A regular feature at UN climate summits is a special presentation by indigenous groups or representatives from developing nations warning that climate change is a threat to their way of life.
But talk to leaders from the developing world and you hear a different concern – how being forced to use green energy will make it even harder for millions to escape poverty.
Wind and Solar Will Lock the Developing World into Poverty
In a Wall Street Journal article entitled "Solar and Wind Force Poverty on Africa," Uganda's President Museveni wrote that "Africa can't sacrifice its future prosperity for Western climate goals. Africa will have to use fossil fuels as it makes the transition."
In Ghana, Peter Bismark with the Institute for Liberty and Policy Innovation says what Africans need most is reliable energy, not what he calls "diversity," his term for green energy.
Developing Nations Need Cheap, Reliable Energy
"Africans are basically not interested in the diversity," Bismark says. "They're much more interested in the efficiency and the reliability of energy before they look at diversity."
Vijay Jayaraj with the CO2 Coalition says it is the same situation in his native India.
"In a country like India, there are more than 300 million people in poverty, and for them to come up in life, that can happen only when there is a robust energy sector that drives the economy," Jayaraj says.
One critic said the idea that some of the poorest people on Earth can suddenly switch to hydrogen-based green technology is "absurd."
"The remote areas within African countries are much more interested in getting anything to light their refrigerators and charge their phones and light their television," Bismark says.
Not only do wealthy nations want developing nations to switch to green energy, they're forcing the issue.
Wealthy Nations Vow to Cut Off Funding for New Fossil Fuel Projects While Still Using Fossil Fuels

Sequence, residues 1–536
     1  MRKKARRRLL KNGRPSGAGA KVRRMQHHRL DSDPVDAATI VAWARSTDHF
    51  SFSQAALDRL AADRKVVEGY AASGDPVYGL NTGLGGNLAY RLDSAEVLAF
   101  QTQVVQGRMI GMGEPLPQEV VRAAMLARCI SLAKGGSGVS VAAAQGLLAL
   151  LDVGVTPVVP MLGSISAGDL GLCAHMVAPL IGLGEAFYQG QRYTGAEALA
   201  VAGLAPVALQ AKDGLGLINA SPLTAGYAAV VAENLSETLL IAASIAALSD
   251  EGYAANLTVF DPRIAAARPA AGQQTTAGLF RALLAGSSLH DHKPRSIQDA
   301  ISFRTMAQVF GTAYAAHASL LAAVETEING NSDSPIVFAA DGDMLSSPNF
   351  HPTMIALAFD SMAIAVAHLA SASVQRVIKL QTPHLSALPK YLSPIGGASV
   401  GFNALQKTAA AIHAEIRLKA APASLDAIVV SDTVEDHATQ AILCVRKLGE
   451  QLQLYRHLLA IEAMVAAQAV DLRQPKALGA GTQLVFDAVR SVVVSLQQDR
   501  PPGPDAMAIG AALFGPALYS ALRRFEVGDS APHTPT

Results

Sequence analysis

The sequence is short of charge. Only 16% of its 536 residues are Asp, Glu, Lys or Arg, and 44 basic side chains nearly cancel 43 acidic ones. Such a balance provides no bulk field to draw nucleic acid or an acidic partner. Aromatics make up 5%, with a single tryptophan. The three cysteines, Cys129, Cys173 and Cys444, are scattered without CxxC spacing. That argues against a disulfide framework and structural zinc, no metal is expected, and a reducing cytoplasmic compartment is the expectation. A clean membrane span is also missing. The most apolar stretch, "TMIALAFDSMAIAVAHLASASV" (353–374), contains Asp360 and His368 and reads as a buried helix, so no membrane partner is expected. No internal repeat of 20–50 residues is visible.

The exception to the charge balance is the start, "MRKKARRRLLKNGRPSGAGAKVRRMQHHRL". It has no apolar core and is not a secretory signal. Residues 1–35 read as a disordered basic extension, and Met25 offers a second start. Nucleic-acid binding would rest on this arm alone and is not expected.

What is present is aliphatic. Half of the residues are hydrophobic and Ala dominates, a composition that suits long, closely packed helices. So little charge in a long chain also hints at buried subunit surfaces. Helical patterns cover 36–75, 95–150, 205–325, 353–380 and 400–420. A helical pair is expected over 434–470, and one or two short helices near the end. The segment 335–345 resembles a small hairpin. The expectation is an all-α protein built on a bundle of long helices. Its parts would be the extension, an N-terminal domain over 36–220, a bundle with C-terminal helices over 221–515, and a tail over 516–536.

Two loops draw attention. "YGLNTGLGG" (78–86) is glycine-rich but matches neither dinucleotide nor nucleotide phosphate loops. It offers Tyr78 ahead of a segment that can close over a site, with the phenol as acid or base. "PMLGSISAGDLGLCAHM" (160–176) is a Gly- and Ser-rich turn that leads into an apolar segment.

The U.S., Britain and European nations have vowed to cut off public financing for new fossil fuel projects by the end of this year, including those in developing nations, even as wealthy nations continue to use fossil fuels, including African natural gas.
Magatte Wade of Senegal, the Director of the African Center for Prosperity, asks Europeans, "What's the difference between 'you Germans' who, when you need fossil fuels and you realize you still need it, you're going for it. Yet you're telling we the Africans, we can't do it. Is it because I'm black? Is it because we're idiots? Is it because we're inferior? We want to become prosperous nations. We want to become prosperous people, but for that to happen, access to reliable and affordable energy is central, is key."
Jayaraj says, "The reality in developing countries is that the situation here is far worse than what is being portrayed in the media and the West. The countries here are already struggling to keep up with the energy demand, and for them to experiment with green technologies would be not so wise, especially when people are still living in the dark and hospitals are still struggling to get an electricity connection and we live in poverty."
Refusing to Fund Fossil Fuels in Africa Called 'Morally Indefensible'
Sudanese-British billionaire businessman Mo Ibrahim, in a conference call this year with European Union leaders, said that Europe's refusal to fund fossil fuels in Africa is "morally indefensible."
He told European leaders, "We found it a little strange, you know, that Europe is wallowing in gas, Russian gas, African gas... and when it comes to Africa, 'No, no, no, no. We don't fund gas there.' You are using African gas and you deny us using African gas. I mean that's morally indefensible."
The experts we talked to said they would welcome green energy if their nations could afford it and rely on it, but they can't, and forcing it on them now amounts to what some are calling "green colonialism."